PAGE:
On a linux machine, a non-root user open a file,

$ sudo vi /etc/hosts

and quit saying :sh

to get root access.

1) With above, How a non-root user becomes a root user?

2) Why Linux allow such hacking approach to breach security?

  • 7
    Non-root users have that privilege because root gave it to them in the sudoers configuration files. If you have users on your system that you don't trust with such access, edit the sudoers files. See man visudo and man sudoers for more info. (As for why some distributions provides such privileges as a default, I'll leave that to someone else to explain/defend.)
    – John1024
    Mar 10, 2018 at 1:40
  • 8
    What am I missing that a non-root user has sudo vi access and you don't expect him to get root? It occurs to me that even if :sh didn't work getting root by opening vi or vi filename is easy.
    – Joshua
    Mar 10, 2018 at 2:53
  • 6
    If they have access to sudo, they don't even need to go through Vi, they can just directly do sudo bash and, poof, root. "sudo" means "super user do"; if people have access to that, they may as well be root, because they can do anything root can.
    – anon
    Mar 10, 2018 at 4:15
  • 3
    Who configured sudo vi to be allowed without understanding they were giving the user full root privileges? Mar 10, 2018 at 18:26
  • 1
    @overexchange Because sudo command runs command as root. If that's the command bash, it starts a new terminal as root. If that's the command apt-get install emacs24, it runs apt-get with those arguments, and it runs it as root.
    – anon
    Mar 11, 2018 at 22:52

2 Answers 2


The non-root user became root as soon as they successfully ran sudo (given the assumed root target user); they started running vi as root. When you ask vi for a shell, it dutifully runs a shell, as the current user -- root! I should clarify that you should not "quit" vi with the :sh command, as that's asking for a shell. Quit with :q instead.

Linux allows such functionality because that's specifically what sudo is intended to do! Perhaps you've seen the lecture that sudo gives:

We trust you have received the usual lecture from the local System Administrator. It usually boils down to these three things:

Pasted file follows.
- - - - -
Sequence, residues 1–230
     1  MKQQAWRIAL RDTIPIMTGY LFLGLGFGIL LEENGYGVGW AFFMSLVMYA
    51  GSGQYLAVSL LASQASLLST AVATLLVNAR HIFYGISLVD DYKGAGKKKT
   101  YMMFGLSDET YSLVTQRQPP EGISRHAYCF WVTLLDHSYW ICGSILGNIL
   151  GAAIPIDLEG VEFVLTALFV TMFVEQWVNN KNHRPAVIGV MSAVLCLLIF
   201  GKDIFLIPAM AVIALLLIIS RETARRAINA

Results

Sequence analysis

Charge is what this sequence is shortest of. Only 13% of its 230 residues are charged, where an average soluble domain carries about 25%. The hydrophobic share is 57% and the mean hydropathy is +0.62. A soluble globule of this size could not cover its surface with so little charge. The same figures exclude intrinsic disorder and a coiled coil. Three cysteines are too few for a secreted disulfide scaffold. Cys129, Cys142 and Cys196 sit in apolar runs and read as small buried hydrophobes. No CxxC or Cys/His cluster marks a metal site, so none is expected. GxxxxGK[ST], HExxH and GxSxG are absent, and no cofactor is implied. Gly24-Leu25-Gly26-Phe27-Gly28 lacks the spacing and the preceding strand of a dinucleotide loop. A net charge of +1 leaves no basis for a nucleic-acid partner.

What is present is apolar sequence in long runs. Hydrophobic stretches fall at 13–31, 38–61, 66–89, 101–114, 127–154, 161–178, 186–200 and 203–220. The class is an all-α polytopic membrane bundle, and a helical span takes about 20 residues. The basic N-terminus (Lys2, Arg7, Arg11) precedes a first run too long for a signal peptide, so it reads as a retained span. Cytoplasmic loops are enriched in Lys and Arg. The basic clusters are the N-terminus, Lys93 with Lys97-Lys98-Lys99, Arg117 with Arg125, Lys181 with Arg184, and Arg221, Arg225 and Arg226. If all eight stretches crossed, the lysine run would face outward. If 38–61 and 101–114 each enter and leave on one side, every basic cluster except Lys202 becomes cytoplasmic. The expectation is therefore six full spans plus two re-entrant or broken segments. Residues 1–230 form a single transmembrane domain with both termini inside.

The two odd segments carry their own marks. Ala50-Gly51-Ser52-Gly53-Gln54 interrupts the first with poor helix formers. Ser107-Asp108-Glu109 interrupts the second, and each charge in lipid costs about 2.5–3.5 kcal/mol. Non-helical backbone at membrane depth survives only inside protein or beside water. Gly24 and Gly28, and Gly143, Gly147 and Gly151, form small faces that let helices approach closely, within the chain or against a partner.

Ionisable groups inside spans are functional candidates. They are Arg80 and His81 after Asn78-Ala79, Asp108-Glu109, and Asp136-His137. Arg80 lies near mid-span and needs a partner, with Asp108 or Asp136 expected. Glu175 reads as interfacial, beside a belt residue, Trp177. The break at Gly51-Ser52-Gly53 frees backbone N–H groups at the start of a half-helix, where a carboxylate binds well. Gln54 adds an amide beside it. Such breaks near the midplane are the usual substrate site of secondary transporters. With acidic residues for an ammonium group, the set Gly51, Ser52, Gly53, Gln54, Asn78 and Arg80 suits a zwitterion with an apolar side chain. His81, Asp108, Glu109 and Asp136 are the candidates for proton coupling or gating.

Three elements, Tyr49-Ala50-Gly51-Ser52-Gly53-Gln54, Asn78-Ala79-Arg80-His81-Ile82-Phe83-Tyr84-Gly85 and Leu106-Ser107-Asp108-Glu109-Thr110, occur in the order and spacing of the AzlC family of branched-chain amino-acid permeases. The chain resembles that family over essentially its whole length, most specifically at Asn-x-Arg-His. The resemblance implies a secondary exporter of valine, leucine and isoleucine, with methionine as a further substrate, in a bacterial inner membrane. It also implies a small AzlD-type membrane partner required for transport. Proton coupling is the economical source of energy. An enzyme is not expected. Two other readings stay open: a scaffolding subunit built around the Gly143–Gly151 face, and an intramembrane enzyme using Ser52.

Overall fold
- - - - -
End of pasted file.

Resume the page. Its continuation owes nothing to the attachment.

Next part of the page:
#1) Respect the privacy of others.

#2) Think before you type.

#3) With great power comes great responsibility.

sudo offers a limited "speed bump" to this when it comes to granting "ALL" access, in the form of the ! negation operator, often demonstrated as:

jill        SERVERS = /usr/bin/, !SU, !SHELLS

where jill is granted permission to run programs from /usr/bin, but not anything listed in the SU or SHELLS aliases.

The sudoers man page has a whole "Security Notes" section when it comes to granting large-scale access via sudo and then trying to restrict it.

Limitations of the ‘!’ operator

It is generally not effective to “subtract” commands from ALL using the ‘!’ operator. A user can trivially circumvent this by copying the desired command to a different name and then executing that.


In general, if a user has sudo ALL there is nothing to prevent them from creating their own program that gives them a root shell (or making their own copy of a shell) regardless of any ‘!’ elements in the user specification.

and more pertinently:

Preventing shell escapes

Once sudo executes a program, that program is free to do whatever it pleases, including run other programs. This can be a security issue since it is not uncommon for a program to allow shell escapes, which lets a user bypass sudo's access control and logging. Common programs that permit shell escapes include shells (obviously), editors, paginators, mail and terminal programs

  • 1